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Meet Butterscotch

Butterscotch Shenanigans was formed by the brothers Adam, Seth, and Sam Coster.

Upon founding the company, we set out to provide memorable, fantastic games to players -- games that could be enjoyed again and again weeks, months, and years from now. We always keep that goal at the forefront of our minds when designing our games, and everything about our game development process reflects this ultimate goal.

We have built two games so far (Chauncy the Rabbit and Gerblins!) and published a third (Culture Wars) and are in the post-development marketing stages of Towelfight 2; The Monocle of Destiny, to be released in March 2013.

Sam's Story

I had an internship my college sophomore summer with a tech startup in St. Louis. The job was what can only be described as "meh", but I ended up creating the first St. Louis Game Jam, a 48 hour game development weekend held once per year. As a result of this first game jam, I told Seth about the tool I learned and used for the weekend, Game Maker, and got my first brush with game development.

I went back to school and finished up a major in psychology, teaching myself web development and design as I tried to not let school get in the way of my education. Once the job applications started flying out the door I realized that I didn’t want to do consulting or any of the typical corporate jobs for which most graduates were aiming. I wanted to create things that people could interact with -- things that might lead them down a path of self-tutelage like my own.


To that end I’ve taught myself how to draw and have become the art-third of Butterscotch. My ultimate goal is to create emotionally moving interactive games that inspire others to take up their calling and join the ranks of indie game developers.

Seth's Story


In 2010, I had just finished my undergrad studies and passed the CFA exam. I had always been interested in game development and had been reading up on design for years, but I hadn't yet found a tool that offered an assisted entrance into development. Programming books piled up on my bookshelf, as I found them about as easy to get into as entering a moving Ferris wheel. Sam saw my frustration,and he suggested I try Game Maker. Suddenly, that Ferris wheel allowed me on, and I’ve been riding it ever since.

My first summer of law school I didn't work as a coffee-fetching legal intern. Instead, I holed up in my apartment and worked on game projects all summer. I figured, hey, I could be "unpaid" doing something I didn't care about, or I could be "unpaid" doing what I loved -- making games. I chose the latter. It dawned on me that I was meant to make games, not read supreme court opinions. So I left law school and dove into game development full-time.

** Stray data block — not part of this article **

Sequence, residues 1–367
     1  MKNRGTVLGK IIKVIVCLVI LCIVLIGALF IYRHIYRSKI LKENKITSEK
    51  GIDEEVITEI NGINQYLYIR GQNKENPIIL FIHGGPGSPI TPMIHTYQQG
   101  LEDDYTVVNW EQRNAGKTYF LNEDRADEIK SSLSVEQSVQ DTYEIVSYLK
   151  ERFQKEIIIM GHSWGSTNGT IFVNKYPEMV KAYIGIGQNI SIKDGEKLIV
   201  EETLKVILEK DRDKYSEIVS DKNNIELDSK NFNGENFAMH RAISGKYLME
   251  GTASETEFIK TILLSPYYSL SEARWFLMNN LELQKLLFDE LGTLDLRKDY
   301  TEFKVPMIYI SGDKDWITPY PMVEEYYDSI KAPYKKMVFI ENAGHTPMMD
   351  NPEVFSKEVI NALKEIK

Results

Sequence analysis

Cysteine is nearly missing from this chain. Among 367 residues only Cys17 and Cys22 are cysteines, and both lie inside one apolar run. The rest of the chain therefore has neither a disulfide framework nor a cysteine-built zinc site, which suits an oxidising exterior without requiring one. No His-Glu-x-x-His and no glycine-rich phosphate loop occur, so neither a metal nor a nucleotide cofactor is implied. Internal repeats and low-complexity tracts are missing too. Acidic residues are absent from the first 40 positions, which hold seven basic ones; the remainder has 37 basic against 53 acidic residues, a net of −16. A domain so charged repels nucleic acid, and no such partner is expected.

I have worked ceaselessly every day since to make my dreams a reality, always pursuing the goal of being a major player in an indie game studio.


Adam's Story


My first love has always been science, particularly biology, and so that was my focus in college. I realized at the time that knowing some computer programming would be useful, and so while working as a teaching assistant and lab technician after college I started to teach myself C++ and Python. It turned out that programming was a hell of a lot more useful than I had expected, and so I made the decision to combine it with my love of science and started a PhD program in quantitative biology at UT Southwestern. In the lab, I do experiments that require a lot of microscopy, which generates tons of images, and so I write computer vision software and subsequent analysis tools using Matlab, R, and Python.

I watched with interest as Seth decided to jump head first into game development, and decided to help out with the game development whenever I could (it turns out PhD work takes up a lot of time...). Game development is very different from the kind of programming I do in the lab, and so it has been a fun and difficult challenge. Eventually, I hope to tie together game design principles and biology to make visually appealing and user-friendly mobile scientific tools.


Why “Butterscotch Shenanigans”?


On a rare car ride together the brother's brainstormed the name for their soon-to-be company. Butterscotch Shenanigans was decided upon as phonetically FREAKING AWESOME and indicative of their combined character.